A two-tier Europe as Britain opts out of banking union: Cameron vows to secure 'better deal' for nation
After 14 hours of talks, eurozone countries agreed that the European Central Bank should directly supervise 200 banks – none of which are BritishThe agreement will prevent eurozone countries ganging up on those that have not adopted the single currency

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UPDATED:

02:29 GMT, 14 December 2012


New deal: British Prime Minister David Cameron arrives at the EU Headquarters

New deal: British Prime Minister David Cameron arrives at the EU Headquarters

David Cameron vowed to secure ‘a better deal for Britain’ yesterday after an historic deal on EU banks established a two–tier Europe.

The agreement will prevent eurozone countries from ganging up on those that have not adopted the single currency – and protect the City of London from financial regulations drawn up by the debt-stricken bloc.

After 14 hours of talks, eurozone countries agreed that the European Central Bank should directly supervise 200 banks – none of which are British – in the most far-reaching step towards a single-currency superstate since the euro crisis began.

In future, eurozone banking regulations will have to be approved by a majority of the bloc’s members, as well as a majority of those EU members outside it.

This voting system means that a two-tier Europe – long talked of by diplomats – is now the reality.

Mr Cameron hailed the agreement as proof that Britain can safeguard its national interests while letting other European countries pursue an economic and monetary union.

He said Britain now has ‘opportunities’ to fight for ‘a better deal’, with the summit marking the ‘start of some important conversations where Britain can do better’.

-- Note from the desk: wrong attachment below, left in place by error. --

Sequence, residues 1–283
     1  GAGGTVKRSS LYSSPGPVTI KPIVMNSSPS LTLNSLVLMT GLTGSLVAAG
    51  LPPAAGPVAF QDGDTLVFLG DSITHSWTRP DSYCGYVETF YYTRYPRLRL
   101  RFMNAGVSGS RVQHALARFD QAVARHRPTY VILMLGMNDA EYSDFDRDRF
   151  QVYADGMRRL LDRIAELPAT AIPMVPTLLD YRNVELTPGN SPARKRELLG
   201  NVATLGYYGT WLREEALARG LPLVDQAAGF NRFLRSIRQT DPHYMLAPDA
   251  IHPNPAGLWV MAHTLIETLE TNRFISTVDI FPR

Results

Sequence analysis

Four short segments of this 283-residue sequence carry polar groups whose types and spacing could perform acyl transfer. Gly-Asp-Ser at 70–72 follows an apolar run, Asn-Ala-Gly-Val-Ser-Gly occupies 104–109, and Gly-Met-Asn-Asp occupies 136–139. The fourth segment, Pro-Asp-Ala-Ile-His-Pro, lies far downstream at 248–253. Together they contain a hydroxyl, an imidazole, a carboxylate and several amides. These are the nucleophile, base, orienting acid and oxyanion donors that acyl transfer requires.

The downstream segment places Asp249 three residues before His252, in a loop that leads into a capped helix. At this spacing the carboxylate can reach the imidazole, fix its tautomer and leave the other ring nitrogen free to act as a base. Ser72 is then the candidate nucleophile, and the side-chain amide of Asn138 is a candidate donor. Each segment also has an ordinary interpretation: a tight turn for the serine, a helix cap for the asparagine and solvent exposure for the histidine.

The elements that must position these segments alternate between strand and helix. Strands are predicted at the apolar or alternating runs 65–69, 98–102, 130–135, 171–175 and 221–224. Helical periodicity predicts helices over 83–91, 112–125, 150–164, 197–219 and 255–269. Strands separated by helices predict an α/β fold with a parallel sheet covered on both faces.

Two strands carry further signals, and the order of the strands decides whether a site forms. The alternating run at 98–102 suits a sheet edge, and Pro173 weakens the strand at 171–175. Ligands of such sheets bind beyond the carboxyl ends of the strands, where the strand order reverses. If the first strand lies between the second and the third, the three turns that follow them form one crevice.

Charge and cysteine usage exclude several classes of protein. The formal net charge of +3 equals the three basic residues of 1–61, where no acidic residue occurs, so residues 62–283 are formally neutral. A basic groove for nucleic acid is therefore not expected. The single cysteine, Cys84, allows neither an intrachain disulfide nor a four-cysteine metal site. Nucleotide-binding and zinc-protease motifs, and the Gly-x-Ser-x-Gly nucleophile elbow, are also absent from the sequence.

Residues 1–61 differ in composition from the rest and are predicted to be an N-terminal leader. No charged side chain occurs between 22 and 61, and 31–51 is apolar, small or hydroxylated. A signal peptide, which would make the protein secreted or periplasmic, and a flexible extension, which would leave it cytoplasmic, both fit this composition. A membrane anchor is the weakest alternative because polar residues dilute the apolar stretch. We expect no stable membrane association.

The Prime Minister is due to make a speech in the new year spelling out the kind of relationship he wants with the EU, as well as promising a referendum on any new deal.

Last night he was locked in talks with fellow EU leaders as they discussed a blueprint for further integration, which is expected to lead to some countries pooling their debts and agreeing their budgets centrally after 2014.

European Commission president Jose Manuel Barroso suggested that the banking union, agreed in the early hours yesterday, was the start of a United States of Eurozone.

Talks: Mr Cameron speaks to the press at the EU Headquarters on Thursday in Brussels, on the first day of a two-day European Union leaders summit

Talks: Mr Cameron speaks to the press at the EU Headquarters on Thursday in Brussels, on the first day of a two-day European Union leaders summit

On a mission: Mr Cameron pictured arriving in Brussels on Thursday

On a mission: Mr Cameron pictured arriving in Brussels on Thursday

‘We are going to have powers at central level in Europe, through the ECB, very comparable to the United States,’ he said.

Chancellor George Osborne described the agreement as ‘a good deal for Britain and a good deal for Europe’.

‘I think it’s a bit of a model of the way Britain’s relationship with Europe is going to work in the future,’ he added. ‘The eurozone is going to do more integration but Britain is going to protect its interests, and it is not going to give any more rights and powers to Brussels.’

Chancellor of the Exchequer George Osborne leaves Number 11 Downing Street on December 12, 2012

European Commission President Jose Manuel Barroso

George Osborne, left, described the agreement as 'a good deal for Britain and a good deal for Europe', while European Commission president Jose Manuel Barroso suggested that the banking union was the start of a United Stated of Eurozone

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However, Lord Harrison, of the Lords EU Sub-Committee on Economic and Financial Affairs, said he would summon ministers to ensure the deal is watertight.

‘The Government appear satisfied with the safeguards they have won in ensuring that the interests of the single market are defended – but the devil is in the detail,’ he insisted.

‘The implications of these important first steps towards a banking union could be momentous for the UK, even though we will not be participating.

‘We will be inviting the minister to meet with us early in the new year to explore the ramifications of last night’s deal.’

■ The European Court of Justice has rejected MEPs’ calls to scrap the European Parliament’s monthly Strasbourg meetings, despite warnings that the 540-mile commute from Brussels costs taxpayers 160million a year. Tory MEP Ashley Fox called the situation ‘ridiculous’.